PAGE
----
North Side development caught in crossfire over schools
BY DAVID ROEDER firstname.lastname@example.org October 9, 2012 6:16PM
Exteriors of Children's Memorial Hospital still operating in Lincoln Park near Fullerton and Lincoln , before their move to 225 E. Chicago. | Al Podgorski~Chicago Sun-Times
Updated: November 11, 2012 6:26AM
School overcrowding is one of the more contentious issues in Lincoln Park these days, and it has ensnared the developer who wants to build on the old Children’s Memorial Hospital site.
Lincoln Elementary School, 615 W. Kemper Pl., is overcrowded, although by how much is a matter of opinion. Several people involved with Lincoln want the developer to provide space for a new school somewhere on the six-acre Children’s site, which runs south from the Lincoln-Fullerton-Halsted intersection.
It could be a suitable answer for a wealthy area that wants to protect its highly regarded neighborhood school. But that would require money from a deficit-addled school district and cooperation from the developer, McCaffery Interests Inc., and Lurie Children’s Hospital, the property owner.
The McCaffery plan would have added about 900 apartments to the site, perhaps generating hundreds of additional children in Lincoln’s attendance area. In August, Ald. Michele Smith, whose 43rd Ward includes Lincoln Park, came out against the redevelopment, citing its impact on the school. She also said its 21- and 25-story buildings were too tall.
Others are worried that by pressing for a school at Children’s, the developer will gain negotiating leverage to build a dense project.
Smith said he’s unwilling to get into bargaining with McCaffery over a school. She said the Lincoln school council, in advocating for a facility at the Children’s site, would be open to other solutions as well. “We are looking at all the funding options we can get,” Smith said.
Other residents have proposed different ideas, such as redrawing attendance boundaries so more Lincoln Park children can attend a magnet school, LaSalle Language Academy at 1734 N. Orleans.
Daniel McCaffery, chairman of McCaffery Interests, wouldn’t rule out putting a school on the site and characterized the idea as a part of a long neighborhood vetting. “I don’t own the land,” he said. “I’ve pledged to the children’s hospital to work as hard as I can to make things right with the community.”
Asked if the school issue is gumming up the approval process for his deal, McCaffery said it’s too soon to draw that conclusion.
But he knows that just as some Lincoln Parkers want a school on the land, others don’t want to give him license to get tall buildings in return. Community groups have pushed for zoning that would let him build nothing taller than 65 feet.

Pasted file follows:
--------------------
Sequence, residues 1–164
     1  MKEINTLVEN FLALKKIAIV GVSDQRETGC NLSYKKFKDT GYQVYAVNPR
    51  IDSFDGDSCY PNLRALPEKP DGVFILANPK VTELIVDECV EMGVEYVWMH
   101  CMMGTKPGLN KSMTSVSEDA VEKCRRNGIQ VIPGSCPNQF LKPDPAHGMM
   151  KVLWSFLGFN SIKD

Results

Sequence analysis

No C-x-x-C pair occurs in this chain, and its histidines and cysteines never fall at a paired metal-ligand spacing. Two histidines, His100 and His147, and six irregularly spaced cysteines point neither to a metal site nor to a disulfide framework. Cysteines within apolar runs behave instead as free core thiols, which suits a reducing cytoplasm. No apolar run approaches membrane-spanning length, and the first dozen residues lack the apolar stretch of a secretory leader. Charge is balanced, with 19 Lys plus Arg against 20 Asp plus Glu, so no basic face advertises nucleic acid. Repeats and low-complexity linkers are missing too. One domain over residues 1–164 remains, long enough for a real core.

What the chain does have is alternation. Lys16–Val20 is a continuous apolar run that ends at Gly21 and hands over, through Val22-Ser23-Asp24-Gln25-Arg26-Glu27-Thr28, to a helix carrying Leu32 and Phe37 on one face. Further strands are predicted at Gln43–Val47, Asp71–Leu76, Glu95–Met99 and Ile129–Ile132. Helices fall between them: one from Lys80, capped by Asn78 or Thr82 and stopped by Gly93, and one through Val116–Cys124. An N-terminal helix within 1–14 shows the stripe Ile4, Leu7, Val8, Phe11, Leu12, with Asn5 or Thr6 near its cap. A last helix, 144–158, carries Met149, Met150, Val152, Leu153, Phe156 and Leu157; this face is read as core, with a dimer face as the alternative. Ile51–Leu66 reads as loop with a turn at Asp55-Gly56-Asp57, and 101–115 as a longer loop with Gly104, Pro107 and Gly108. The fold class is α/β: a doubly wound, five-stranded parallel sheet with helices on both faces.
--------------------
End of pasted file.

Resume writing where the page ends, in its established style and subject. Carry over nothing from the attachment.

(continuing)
OFF THE RACK: Nordstrom Inc. said it will open an off-price Nordstrom Rack in Lincoln Park by spring 2014. The retailer said the 40,000-square-foot store will open at 1555 N. Sheffield, across from the Whole Foods, on a site owned by Centrum Partners LLC. It will be its third Rack store in Chicago.
WHAT’S IN A NAME? A touch of whimsy, in this case. An entity called I Don’t No LLC bought a building at 880 Corporate Woods Parkway, Vernon Hills. Businesses are usually quite unimaginative when it comes to LLC names, so this one stuck out.
It turns out this LLC is connected to Overture Promotions, which in turn owns Windy City Novelties Inc., a maker of glow sticks and party favors, said Adam Tarantur, senior vice president at Podolsky Northstar Corfac International. He represented the LLC in the sale. Tarantur said I Don’t No reflects the fun-loving culture of the business.
It paid $2.75 million for the 47,000-square-foot office and warehouse facility, which was sold by an affiliate of backpack maker High Sierra Sport Co. Colliers International represented the seller.
PRICE CHECK: Ever wonder what a fully leased Walgreens is worth? One at 11981 W. 143rd St., Orland Park, sold for $6.24 million in a deal brokered by Quantum Real Estate Advisors Inc. Another in the city at 2345 W. 103rd St. sold for $7.5 million, said the Boulder Group, a broker in the deal.
DOING THE DEALS: Holliday Fenoglio Fowler LP arranged $47 million in financing for L&B Realty Advisors, owners of a 25-story apartment building at 77 W. Huron. It is being renovated. . . . Holliday also arranged $10 million in financing for the Luzzatto Co., which acquired 168 apartments in the 240-unit Woodland Park project, a busted condominium deal in the Douglas neighborhood at 606 E. Woodland Park Ave. The property has three buildings that are 94 percent leased. . . . J.C. Anderson Inc. remodeled 50,000 square feet for Morgan Stanley Smith Barney at 70 W. Madison.
David Roeder reports on real estate at 6:22 p.m. Thursdays on WBBM-AM (780) and WBBM-FM (105.9). The reports are repeated at 10:22 p.m. Thursday and 7:22 a.m. Sunday.